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Posted on March 23, 2020 at 3:01 PM by Renie Dugwyler
In the midst of the COVID-19 outbreak, we are experiencing a myriad of undesirable changes to our quality of life: social distancing, self-quarantining, remote learning or working, eliminating visits at nursing homes and hospitals, the list goes on. Unfortunately, public safety is not immune to the changes that have been sweeping our county and our country. We too have had to make difficult decisions and take unpopular actions in an effort to flatten the curve and conserve resources.
With personal protective equipment in limited supply, and already experiencing reductions in staffing due to self-quarantines, we have had to identify alternate ways within all divisions to continue providing public safety services while limiting exposure to COVID-19. In addition to closing all public lobbies, mitigating actions we have taken in patrol and detentions are understandably the most visible.
For patrol, we are limiting our contact with the public by reducing routine traffic stops, handling more reports by phone, utilizing one deputy rather than multiple to make contact with involved parties, and requesting individuals who need to speak with a deputy step outside homes or other locations to reduce the deputy’s exposure to additional people who may be inside. Our victim advocates are also limiting contact by handling initial communications with victims via phone rather than in-person when possible.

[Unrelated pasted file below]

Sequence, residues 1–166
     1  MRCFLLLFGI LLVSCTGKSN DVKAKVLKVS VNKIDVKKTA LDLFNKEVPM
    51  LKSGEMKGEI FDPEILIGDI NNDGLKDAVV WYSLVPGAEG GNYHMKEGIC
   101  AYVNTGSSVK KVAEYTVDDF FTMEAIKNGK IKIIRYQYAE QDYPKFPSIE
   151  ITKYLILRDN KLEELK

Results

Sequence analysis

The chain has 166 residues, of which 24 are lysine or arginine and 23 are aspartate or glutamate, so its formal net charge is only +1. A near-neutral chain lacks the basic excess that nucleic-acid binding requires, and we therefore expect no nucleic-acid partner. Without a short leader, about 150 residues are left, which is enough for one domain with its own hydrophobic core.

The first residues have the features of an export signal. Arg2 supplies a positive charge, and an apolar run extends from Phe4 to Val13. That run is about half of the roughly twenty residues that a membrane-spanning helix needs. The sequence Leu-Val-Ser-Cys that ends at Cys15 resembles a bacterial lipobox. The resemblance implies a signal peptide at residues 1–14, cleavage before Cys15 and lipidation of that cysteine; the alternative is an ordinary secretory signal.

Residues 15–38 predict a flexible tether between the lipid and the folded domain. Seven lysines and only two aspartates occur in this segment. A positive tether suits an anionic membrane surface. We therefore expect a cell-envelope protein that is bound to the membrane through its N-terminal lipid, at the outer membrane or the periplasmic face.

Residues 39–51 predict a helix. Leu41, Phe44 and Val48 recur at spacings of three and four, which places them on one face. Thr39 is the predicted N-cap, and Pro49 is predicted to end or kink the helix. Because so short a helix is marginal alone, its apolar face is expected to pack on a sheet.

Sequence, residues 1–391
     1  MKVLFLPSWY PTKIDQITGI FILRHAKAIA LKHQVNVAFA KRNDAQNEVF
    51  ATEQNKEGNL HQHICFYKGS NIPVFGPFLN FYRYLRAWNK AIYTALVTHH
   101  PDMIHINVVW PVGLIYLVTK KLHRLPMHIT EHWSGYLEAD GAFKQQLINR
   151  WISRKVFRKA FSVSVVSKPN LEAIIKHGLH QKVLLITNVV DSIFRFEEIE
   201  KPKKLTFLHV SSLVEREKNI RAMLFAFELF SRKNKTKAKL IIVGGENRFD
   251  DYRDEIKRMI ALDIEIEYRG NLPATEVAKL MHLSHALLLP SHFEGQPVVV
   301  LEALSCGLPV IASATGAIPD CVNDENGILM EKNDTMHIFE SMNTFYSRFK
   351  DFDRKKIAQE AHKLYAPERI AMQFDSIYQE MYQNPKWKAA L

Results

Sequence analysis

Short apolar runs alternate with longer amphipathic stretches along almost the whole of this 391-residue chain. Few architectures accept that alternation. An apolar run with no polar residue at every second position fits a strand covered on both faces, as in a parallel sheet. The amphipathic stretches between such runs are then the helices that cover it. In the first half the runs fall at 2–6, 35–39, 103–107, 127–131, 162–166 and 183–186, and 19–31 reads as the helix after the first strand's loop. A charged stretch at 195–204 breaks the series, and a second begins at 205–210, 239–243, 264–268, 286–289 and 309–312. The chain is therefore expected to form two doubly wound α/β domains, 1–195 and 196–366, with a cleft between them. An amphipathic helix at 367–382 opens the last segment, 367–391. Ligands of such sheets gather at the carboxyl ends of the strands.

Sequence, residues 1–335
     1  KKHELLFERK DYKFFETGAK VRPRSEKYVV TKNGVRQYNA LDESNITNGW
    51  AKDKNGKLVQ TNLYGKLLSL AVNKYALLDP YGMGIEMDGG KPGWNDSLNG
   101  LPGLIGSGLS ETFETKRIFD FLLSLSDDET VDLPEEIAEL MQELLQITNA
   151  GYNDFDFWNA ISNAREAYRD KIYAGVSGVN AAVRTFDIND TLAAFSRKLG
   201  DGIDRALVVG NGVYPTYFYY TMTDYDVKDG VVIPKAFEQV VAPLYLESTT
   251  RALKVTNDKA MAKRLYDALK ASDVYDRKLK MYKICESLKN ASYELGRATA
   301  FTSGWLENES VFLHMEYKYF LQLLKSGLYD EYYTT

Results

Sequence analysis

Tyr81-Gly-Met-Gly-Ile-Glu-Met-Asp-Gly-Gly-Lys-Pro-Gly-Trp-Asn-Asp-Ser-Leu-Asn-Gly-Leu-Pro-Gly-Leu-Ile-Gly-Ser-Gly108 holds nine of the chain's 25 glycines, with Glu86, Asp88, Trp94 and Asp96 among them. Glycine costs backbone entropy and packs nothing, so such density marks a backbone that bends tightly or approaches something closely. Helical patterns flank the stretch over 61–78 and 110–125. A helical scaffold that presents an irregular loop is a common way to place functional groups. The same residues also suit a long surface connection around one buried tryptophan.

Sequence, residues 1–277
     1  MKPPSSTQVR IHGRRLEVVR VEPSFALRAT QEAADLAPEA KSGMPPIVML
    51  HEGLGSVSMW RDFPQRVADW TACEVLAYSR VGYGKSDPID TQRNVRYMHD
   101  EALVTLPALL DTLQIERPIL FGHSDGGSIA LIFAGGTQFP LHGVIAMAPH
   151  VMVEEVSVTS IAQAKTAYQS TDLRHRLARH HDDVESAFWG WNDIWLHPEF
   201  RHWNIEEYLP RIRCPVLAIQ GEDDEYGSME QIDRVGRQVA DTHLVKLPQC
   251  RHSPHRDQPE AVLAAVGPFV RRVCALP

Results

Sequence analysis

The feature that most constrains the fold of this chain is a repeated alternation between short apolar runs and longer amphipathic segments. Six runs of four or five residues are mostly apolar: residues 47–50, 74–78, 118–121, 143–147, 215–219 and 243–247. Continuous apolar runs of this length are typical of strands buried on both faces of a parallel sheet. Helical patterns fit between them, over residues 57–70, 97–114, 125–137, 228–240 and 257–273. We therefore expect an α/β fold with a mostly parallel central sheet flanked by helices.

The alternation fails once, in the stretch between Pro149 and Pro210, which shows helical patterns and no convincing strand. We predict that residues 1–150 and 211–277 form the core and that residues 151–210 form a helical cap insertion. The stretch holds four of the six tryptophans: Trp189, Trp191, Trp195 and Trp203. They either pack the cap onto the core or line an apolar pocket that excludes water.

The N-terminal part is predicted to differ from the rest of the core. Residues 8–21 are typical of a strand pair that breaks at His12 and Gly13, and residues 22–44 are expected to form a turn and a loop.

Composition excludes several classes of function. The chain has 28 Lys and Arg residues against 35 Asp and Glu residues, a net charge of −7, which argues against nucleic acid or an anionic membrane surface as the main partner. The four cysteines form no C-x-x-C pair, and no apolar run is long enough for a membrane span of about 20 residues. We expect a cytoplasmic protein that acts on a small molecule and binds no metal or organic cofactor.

For detentions, reducing the spread of a deadly air-borne illness is far more challenging considering the nature of a densely populated environment that brings new people in daily and is overall a less healthy populace already. Compounding these circumstances is a previous reduction in jail staff due to funding constraints, the closure of one floor of the jail that has since been partially reopened to accommodate isolated inmates, and approximately a dozen employees currently under self-quarantine.
A primary statutory responsibility as sheriff is to provide care and custody of inmates being held in our jail. Unfortunately, COVID-19 has compromised my ability to achieve this to the extent I was able to just one week ago. On Monday, March 16, three inmates were isolated due to possible exposure to, or symptoms of, the virus. Today, one week later, that number has risen to 36, with an additional 17 inmates at risk of severe illness either due to their age or underlying health issues.
A rapid spread of COVID-19 in our jail not only affects inmates and employees who work in the jail, but also has the potential to significantly impact our community because 95% of the inmates currently being held will eventually be released back into society. The only way to reduce this risk of spread is to reduce the inmate population. Therefore, the Sheriff’s Office, judicial system, and other local law enforcement agencies have cooperatively taken several necessary steps to reduce inmate population, including
· Releasing inmates early who have served a minimum of 50% of their sentence for non-violent crimes that do not involve the Victims’ Rights Act
· Arranging in-home detention for qualifying work release inmates
· Reconsidering bond amounts and bond conditions for some individuals and certain offenses to reduce the pre-trial population
· Avoiding low-level warrant arrests when possible to limit the number of new individuals booked into jail
Although these actions have succeeded in reducing our inmate population significantly in the past week, they are by no means a success. Instead, they are unpalatable for us and unpopular for the public. But during this unprecedented crisis we have to be socially responsible in how we enforce the law, protect the public, and serve our citizens, including those in our care and custody.
Despite COVID-19 posing a temporary challenge for our public safety efforts, we will continue to be here when you need us. Just a little differently than we would like for a little while.